The next film in our “Communicating Bergman” series is his 1978 film, Autumn Sonata. Echoing back to his chamber films of the early 1960’s, this film takes place over a period of one night and consists almost entirely of performances in close up of the two powerhouses, Ingrid Bergman and Liv Ullmann. These two devastatingly depict the fractured relationship between the famous concert pianist Charlotte (Bergman) and her oft-ignored daughter, Eva (Ullmann).
In relation to our series, Sonata is perhaps Bergman’s most literal and explicit condemnation of the spoken word as a means for communication. Notably, the film opens with Victor, who essentially functions as a narrator within the film, explaining that he searches for the words, for the ways to express his love for his wife Eva:
“I’d like to tell her just for once that she is loved wholeheartedly, but I can’t say it in such a way that she’d believe me. I can’t find the right words.”
As we watch, we eventually learn that her inability to accept love seems to stem from her childhood relationship with her mother who was “an expert at love’s intonations and gestures” but utterly unable to perform anything other than hollow, superficial, scripted lines. Instead, she does her best to explain that she was never taught, or shown, what it meant to be a tender, caring parent: “Only through music did I have a chance to show my feelings.”
All of this is in some way related for Bergman with his own parents, as well as his relationship to his children. You can feel a kind of fatalistic leaning within the film which asks, no begs, for an answer to the question: how can an artist, without a healthy emotional life, love others--be that children, friends, or lovers? Once again fractured, fictional identities conflate and Charlotte embodies both Bergman’s own mother, Karin Bergman, and himself. Birgitta Steene notes the epiphany that Ingmar reached when he spent time with his mother on her deathbed:
“His close contact with his dying mother, who revealed to him her own life-long frustrations, made him realize that the distant parent--an object whom he couldn’t reach as a child, was herself a suffering subject, a frightened human being who could not possibly give solace and support to her children, because she herself was not always sure of her own sense of self.”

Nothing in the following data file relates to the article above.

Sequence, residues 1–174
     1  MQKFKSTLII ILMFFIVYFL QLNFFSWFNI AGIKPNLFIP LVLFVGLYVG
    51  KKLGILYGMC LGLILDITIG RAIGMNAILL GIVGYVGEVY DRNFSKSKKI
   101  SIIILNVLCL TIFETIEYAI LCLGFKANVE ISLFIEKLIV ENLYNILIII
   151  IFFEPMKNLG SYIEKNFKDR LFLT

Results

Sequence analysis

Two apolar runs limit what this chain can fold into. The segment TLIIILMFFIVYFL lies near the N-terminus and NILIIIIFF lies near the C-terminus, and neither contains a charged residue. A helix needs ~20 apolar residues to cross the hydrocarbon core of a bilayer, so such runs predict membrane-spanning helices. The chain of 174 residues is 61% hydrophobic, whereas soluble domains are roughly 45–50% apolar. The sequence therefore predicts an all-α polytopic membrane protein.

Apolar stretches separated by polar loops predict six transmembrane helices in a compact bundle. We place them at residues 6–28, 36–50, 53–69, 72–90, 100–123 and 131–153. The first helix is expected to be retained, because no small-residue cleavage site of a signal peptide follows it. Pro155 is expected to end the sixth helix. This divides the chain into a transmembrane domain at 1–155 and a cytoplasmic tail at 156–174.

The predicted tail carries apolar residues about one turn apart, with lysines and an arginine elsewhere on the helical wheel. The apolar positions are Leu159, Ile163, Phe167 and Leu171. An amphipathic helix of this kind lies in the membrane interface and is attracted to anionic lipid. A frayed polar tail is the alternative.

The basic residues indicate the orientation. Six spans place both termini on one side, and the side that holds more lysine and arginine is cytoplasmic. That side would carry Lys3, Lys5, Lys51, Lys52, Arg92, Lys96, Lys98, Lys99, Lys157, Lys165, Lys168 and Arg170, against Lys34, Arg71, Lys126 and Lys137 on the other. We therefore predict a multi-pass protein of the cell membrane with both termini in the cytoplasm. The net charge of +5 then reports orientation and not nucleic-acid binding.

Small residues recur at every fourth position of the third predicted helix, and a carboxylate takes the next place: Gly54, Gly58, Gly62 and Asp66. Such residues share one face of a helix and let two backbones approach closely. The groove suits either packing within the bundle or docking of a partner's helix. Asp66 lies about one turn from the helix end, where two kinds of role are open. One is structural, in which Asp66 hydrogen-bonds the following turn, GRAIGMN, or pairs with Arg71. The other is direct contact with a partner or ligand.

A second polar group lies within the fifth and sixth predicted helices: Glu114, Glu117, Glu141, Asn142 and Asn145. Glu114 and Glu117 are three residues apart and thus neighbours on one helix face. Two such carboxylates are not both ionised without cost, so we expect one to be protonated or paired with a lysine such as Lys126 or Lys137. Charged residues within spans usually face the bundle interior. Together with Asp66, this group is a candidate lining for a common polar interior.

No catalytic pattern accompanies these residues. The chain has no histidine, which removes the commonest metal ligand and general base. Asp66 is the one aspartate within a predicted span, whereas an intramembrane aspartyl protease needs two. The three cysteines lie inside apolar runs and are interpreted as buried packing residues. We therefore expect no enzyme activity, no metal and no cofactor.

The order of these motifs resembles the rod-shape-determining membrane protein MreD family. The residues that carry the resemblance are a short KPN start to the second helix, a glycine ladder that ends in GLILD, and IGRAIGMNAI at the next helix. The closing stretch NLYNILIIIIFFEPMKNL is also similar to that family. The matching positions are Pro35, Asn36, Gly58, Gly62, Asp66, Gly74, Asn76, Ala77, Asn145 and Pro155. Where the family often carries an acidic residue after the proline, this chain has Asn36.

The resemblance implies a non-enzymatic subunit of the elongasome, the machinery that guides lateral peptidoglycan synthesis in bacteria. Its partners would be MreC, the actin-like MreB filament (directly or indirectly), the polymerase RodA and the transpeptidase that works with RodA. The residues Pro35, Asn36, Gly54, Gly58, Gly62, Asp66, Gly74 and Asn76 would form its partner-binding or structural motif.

Through the film, Bergman never excuses, never demonizes either Charlotte or Eva. Instead, he explains. Terrence Diggory notes that “In choosing such unlikely messengers, it is as if Bergman is testing our capacity for ‘love for the other children who are afraid, who are ill, who are cruel.’” He understands that it is too easy to make judgments and create a black and white world in which there are good people and bad people. Instead, he highlights the ways in which our world pushes through a lack of self-awareness--an inability to search, challenge, understand, or to communicate with the self. If one is “not always sure of [one’s] own self”, how can we hope to communicate or experience contact with another?
This brings us to another pervasive element in Bergman, constantly there is a character who is ‘perfectly’ loving and humble (at times even to a fault)--Marta in Winter Light, Marianne in Scenes from a Marriage, Viktor in Autumn Sonata, Alma in The Hour of the Wolf, Mia in The Seventh Seal. However, more often than not their love is not accepted, it is ignored, or it is grotesquely thrown back at them. As a result, Bergman expresses a poignant--though not necessarily original--idea that the efficacy of goodness, grace, and love is contingent upon the object of love’s ability and willingness to be loved.
To put it another way, love seems to be inherently divided between the subject who loves and the object of that love. And Autumn Sonata asks the question of what happens when the love cannot be received, or translated from the subject to the object? Bergman seems to show that those who cannot accept or receive love implicitly condemn those who love them to the role of a spectator, an audience member. For the example of Autumn Sonata, it seems to couple the fictional Viktor with us--the viewers outside of the narrative: Viktor can seemingly effect and act to the extent that the viewers can--i.e. not at all. Thus, the use of breaking the fourth wall (Viktor narrating and talking directly to the audience) seems to reflexively function in a way that explicitly ties him to the non-diegetic world-- ‘our’ world outside of the film. He is thus resigned to inaction, left with a kind of passive, castrated love which can, ostensibly, never be understood, accepted, or cultivated.
Despite the fact that the film is certainly not about Viktor, but about how ignorance of the self, ignorance of intention, miscommunication, and unfulfilled connections are pervasive--specifically here in a familial context. Eva spent her whole childhood and much of her adult life just trying to make her mother love her. Charlotte did not know what affectionate parenting looked like and thus did not offer love in such a way that her child or husband could receive.
If there is any hope at the end of this film, it remains for Bergman in the devastatingly hard work of psychological excavation. For some, Eva’s letter for Charlotte read to us by Viktor is indicative of another attempt, another try at repairing their severely fractured relationship. To others, it is merely the circle restarting, which will build and shatter, only to be rebuilt and shatter once again.
But with this final letter, perhaps this could be Bergman ‘painting’ in chiaroscuro once again: a tiny pinhole of light made clear by the harsh, surrounding landscape.